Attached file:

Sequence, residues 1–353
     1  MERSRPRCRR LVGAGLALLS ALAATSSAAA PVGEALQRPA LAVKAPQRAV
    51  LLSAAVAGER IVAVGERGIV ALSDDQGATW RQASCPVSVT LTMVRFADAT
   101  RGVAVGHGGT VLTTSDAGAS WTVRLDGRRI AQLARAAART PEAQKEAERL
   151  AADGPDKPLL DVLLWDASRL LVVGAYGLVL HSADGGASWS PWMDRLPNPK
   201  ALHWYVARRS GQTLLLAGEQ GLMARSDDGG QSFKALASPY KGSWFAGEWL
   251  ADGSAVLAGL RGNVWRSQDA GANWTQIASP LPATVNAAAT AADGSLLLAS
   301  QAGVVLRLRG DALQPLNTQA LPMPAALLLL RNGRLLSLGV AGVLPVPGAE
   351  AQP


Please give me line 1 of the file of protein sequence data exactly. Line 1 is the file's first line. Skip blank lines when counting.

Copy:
Sequence, residues 1–353